Sign in to follow this  
Followers 0
  • entries
    34
  • comments
    72
  • views
    38766

My Study on Fuzzy Logic

Sign in to follow this  
Followers 0
Tutorial Doctor

1309 views

So, someone recently (perhaps accidentally) introduced me to the term "fuzzy logic," and this is what I have been looking for! I am having a sort of hard time wrapping my head around how it works exactly, because I have only been using Boolean logic. However, since I am new to programming, I am not set in my ways, so I can retrain myself easier.

And I am very glad that I was introduced to this sooner than later. Right now I have been trying to implement fuzzy logic, but I quickly found myself reverting back to Boolean logic, or using some sort of probability. I just found the perfect documentation of fuzzy logic, and I am going to read this first. I will update my findings here, for anyone who might be interested.

http://www.fuzzysys.com/books/FLLib/FUZZYPDF/FUZZYLOG.PDF

0
Sign in to follow this  
Followers 0


6 Comments


I finally have some progress on getting to implementing this fuzzy logic. I had to find a formula for getting the degree of membership of a single value (non-fuzzy) easily.

(value-min)/(max-min)

on a scale of 10 to 100 where 10 is cold and 100 is hot:

55 degrees is given as degree .5 in the set.

That means it is halfway between the minimum temperature and the maximum temperature.

If the word "warm was given the range of 60 to 100 degrees, then the membeship of warm is given as:

(60-10)/(100-10)
or
.55<x<1

This means that all values greater than .55 and less than 1 are considered warm.

In reality, I would use temperatures 75-85.
0

Share this comment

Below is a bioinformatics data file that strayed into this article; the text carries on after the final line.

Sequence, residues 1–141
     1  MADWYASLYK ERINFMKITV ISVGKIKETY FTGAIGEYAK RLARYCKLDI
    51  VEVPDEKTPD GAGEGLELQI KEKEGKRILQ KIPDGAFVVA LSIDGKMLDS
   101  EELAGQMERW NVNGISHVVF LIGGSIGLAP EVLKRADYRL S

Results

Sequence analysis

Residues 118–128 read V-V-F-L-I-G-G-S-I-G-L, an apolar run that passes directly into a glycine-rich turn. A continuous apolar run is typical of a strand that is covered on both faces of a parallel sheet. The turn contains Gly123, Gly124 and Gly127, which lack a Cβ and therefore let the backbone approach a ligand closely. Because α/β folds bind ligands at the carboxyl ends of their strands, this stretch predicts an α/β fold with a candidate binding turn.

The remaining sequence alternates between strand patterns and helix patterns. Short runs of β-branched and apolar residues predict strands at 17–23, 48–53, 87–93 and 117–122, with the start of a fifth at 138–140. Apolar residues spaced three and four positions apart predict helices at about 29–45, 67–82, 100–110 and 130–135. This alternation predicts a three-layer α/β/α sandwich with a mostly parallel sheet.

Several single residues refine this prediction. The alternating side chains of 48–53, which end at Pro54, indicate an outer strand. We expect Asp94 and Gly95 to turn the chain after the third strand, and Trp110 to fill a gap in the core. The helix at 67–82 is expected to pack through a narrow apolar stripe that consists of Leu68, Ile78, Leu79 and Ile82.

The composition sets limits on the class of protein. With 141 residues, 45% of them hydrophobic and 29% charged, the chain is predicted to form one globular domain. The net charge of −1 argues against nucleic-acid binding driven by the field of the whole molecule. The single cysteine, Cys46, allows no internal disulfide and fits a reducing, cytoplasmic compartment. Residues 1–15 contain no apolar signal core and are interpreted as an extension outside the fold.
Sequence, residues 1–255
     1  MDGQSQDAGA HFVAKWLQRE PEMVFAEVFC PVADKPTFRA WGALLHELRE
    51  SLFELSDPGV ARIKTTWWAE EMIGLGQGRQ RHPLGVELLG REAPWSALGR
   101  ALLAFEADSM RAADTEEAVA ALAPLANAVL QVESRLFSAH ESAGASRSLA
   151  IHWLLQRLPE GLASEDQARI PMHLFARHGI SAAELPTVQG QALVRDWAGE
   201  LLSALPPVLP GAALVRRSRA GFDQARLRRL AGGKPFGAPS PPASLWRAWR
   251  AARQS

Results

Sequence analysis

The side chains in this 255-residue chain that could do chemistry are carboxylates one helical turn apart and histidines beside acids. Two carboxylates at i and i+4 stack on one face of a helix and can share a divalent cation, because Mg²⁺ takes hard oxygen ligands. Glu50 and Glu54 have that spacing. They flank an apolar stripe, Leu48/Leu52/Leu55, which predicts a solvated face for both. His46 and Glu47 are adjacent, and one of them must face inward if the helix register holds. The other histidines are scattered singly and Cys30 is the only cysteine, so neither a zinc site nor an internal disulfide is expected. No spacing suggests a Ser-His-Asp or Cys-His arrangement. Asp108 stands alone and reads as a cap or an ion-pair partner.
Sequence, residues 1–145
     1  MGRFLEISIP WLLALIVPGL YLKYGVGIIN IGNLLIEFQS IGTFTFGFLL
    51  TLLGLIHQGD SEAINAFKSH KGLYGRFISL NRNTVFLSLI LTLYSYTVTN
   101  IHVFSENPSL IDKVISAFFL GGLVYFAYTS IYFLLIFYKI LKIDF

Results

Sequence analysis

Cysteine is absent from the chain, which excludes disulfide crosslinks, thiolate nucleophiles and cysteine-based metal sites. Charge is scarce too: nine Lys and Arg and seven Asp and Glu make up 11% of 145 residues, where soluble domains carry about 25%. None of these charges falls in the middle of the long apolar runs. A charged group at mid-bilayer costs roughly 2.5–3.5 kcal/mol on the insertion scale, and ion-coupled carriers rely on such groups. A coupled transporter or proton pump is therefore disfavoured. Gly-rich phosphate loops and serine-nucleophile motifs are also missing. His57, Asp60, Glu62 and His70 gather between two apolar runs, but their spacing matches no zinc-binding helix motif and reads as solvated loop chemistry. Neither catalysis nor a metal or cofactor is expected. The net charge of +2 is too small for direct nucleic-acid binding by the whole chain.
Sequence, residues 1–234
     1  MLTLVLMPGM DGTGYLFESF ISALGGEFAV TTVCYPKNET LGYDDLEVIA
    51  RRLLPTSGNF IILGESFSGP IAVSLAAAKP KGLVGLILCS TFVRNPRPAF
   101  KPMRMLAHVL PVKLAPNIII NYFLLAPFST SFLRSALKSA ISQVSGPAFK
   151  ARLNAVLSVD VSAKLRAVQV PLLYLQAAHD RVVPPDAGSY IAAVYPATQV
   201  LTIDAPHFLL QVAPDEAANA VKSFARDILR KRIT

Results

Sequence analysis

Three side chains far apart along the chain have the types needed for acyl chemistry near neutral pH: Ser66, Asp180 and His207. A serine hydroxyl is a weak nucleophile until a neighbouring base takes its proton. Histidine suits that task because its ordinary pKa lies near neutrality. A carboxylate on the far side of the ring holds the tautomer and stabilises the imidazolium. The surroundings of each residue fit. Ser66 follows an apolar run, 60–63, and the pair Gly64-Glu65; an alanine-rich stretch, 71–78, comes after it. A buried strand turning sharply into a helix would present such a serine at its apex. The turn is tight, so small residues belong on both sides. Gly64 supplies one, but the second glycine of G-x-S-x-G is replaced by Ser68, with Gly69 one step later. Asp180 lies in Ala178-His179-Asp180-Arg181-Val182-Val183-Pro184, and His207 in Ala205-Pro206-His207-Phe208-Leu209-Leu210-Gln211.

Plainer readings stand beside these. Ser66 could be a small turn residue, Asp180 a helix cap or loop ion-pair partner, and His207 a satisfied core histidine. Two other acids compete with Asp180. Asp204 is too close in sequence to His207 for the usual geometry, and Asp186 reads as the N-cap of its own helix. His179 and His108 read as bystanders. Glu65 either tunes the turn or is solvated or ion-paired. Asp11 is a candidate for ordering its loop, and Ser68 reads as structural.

Link to comment

I finally have an implementation that can fuzzify a range of values from a minimum number to a maximum number as a string. For this example I used the Codea app on the iPad.

-- Fuzzy logic

--(value-min)/(max-min)

--draw a horizontal line from minimum to maximum, and make the "value" a point on the line, lifted "degree" units up from te line.
--This will look like a triangle

function setup()
   parameter.integer("min",0,100,0)
   parameter.integer("value",0,100,0)
   parameter.integer("max",0,100,0)
   
   parameter.watch("membership")
   parameter.watch("condition")
   
   x=WIDTH/2
   y=HEIGHT/2
   
   x1 = x
   y1 = y
   x2 = x + value
   y2 = x2 
end

  function fuzzify(min,max,condition) 
       if value > min and value < max then
           print(condition)
           return condition
       end
   
   end

function draw()
    
   membership = (value-min)/(max-min) 
   print(membership)
   
   strokeWidth(4)
   stroke(210, 255, 0, 255)
   line(x1,y1,x2,y2)
   
   fuzzify(75,85,"warm")
   fuzzify(85,90,"hot")

   
end

It also prints the value of the membership of the chosen value (not quite as a fuzzy member... yet.)

0

Share this comment


Link to comment

Okay, I am coming up with so many examples of how fuzzy logic can be used: